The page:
Rewind: With 30 million copies sold to date, Fleetwood Mac's Rumours made Stevie Nicks' raspy, quavering alto one of the defining sounds of the '70s.

Fast-Forward: Fleetwood Mac's spring-summer Unleashed tour will spotlight their greatest hits, and a supersized Rumours is out now in a CD-DVD boxed set, with previously unreleased tracks, acoustic demos, and behind-the-scenes footage. "I remember sitting on the studio floor making feather earrings and thinking, 'Oh my God, this album is going to be legendary,'" Nicks says.

Play It Again: Since 2005 Nicks has been transferring three decades' worth of her own mix tapes—ranging from classic rock to hip-hop to R&B—onto iPods and taking them in person to wounded soldiers at Walter Reed Army Medical Center and Bethesda Naval Hospital. "I thought, 'What can I do?' The answer was music," she says. "Music changes your life. It can pull you out of where you're at." She talked to O about the sounds that tug at her lately.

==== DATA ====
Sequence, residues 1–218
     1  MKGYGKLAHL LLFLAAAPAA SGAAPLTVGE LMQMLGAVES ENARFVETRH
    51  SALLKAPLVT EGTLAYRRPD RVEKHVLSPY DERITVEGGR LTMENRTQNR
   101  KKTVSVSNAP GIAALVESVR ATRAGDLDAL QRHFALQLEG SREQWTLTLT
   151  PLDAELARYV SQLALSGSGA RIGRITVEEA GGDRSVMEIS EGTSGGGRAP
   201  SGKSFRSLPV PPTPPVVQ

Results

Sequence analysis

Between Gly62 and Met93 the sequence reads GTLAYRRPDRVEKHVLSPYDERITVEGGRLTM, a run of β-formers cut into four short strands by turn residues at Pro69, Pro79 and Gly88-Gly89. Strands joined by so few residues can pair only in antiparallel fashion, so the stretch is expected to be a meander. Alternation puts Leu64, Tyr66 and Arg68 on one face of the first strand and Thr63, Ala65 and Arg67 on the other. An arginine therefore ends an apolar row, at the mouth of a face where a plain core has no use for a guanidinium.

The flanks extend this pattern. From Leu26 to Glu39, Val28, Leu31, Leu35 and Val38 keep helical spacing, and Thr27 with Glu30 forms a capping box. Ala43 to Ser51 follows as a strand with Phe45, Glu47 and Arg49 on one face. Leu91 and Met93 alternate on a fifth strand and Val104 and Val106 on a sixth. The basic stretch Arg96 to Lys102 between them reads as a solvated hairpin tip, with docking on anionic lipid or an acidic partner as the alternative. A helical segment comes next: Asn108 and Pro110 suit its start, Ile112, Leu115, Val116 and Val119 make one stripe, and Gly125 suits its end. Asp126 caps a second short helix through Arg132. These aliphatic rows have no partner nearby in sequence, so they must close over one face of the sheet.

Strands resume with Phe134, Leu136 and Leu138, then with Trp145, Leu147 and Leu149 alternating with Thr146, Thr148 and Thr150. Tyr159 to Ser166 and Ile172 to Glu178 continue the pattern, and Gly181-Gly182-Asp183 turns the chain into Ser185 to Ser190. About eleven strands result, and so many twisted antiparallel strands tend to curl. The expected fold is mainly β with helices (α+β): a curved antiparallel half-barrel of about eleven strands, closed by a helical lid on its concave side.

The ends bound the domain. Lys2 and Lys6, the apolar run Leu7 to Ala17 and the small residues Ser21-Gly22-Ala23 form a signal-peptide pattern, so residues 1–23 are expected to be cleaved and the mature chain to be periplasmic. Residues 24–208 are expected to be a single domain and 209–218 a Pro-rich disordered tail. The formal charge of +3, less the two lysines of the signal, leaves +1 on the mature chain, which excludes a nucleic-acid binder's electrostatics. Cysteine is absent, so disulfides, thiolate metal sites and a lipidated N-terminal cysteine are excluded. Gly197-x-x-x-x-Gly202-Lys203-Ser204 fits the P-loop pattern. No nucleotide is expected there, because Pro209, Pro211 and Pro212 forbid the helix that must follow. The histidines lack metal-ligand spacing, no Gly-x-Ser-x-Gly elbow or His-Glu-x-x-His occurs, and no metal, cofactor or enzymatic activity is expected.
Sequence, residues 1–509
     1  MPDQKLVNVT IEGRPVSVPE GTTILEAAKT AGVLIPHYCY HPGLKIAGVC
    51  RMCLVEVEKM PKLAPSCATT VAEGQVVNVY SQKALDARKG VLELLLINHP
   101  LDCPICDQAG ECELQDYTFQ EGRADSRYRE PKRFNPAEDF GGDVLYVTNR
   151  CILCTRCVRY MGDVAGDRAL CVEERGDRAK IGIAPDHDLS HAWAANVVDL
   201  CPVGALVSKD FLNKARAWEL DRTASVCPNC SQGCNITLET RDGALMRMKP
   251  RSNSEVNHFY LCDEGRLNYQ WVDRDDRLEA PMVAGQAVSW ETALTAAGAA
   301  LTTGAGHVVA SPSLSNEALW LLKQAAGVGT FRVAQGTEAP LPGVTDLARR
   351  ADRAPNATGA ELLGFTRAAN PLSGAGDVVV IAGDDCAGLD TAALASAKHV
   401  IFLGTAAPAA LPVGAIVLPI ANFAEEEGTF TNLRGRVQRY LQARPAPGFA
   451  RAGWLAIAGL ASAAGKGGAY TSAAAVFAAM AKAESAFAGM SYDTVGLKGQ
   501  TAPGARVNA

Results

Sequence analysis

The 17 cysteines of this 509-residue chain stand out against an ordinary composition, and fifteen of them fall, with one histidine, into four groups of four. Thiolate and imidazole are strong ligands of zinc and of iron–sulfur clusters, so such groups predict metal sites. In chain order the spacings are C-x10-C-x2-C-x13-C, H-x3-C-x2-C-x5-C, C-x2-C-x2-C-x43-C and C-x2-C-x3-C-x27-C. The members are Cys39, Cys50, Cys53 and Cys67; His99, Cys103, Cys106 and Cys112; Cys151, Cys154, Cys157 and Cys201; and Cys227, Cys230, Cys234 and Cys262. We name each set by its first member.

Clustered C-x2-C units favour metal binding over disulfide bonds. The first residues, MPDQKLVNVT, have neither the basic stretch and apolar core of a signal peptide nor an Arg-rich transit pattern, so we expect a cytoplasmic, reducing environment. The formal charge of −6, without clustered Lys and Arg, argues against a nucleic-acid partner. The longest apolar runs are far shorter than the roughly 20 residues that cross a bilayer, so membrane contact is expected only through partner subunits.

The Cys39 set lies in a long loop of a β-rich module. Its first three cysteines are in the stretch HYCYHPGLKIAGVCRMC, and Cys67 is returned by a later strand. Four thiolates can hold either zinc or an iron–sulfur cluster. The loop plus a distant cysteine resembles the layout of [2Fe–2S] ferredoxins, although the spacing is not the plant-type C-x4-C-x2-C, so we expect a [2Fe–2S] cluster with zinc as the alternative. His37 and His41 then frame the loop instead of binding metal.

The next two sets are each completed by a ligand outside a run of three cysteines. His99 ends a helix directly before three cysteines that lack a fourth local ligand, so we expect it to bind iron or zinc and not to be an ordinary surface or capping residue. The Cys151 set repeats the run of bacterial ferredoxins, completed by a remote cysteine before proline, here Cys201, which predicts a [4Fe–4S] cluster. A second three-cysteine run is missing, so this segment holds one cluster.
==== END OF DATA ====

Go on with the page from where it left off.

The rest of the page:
Coldplay, Viva la Vida (Capitol): "They have a great guitar tone—the open-tuning chords have a spacey effect, like they're up with the moon and the stars. And Chris Martin's voice gets to me emotionally."

Rihanna, Good Girl Gone Bad (Island): "If I ever met her, I'd call her Rhiannon. I've adored her since she did 'Shut Up and Drive' on Letterman. I thought, 'That girl could be in Fleetwood Mac.' She can do it all."

Snow Patrol, Eyes Open (Interscope): "I relate to their song 'Chasing Cars' [sings]: "Would you lie with me, and just forget the world?' They can take a personal experience and make it universal."

Dixie Chicks, Top of the World Tour: Live (Sony): "Natalie Maines is my favorite person to sing with, ever. I could happily be a part of the Dixie Chicks. Even though they're billed as country artists, they're very rock 'n' roll."



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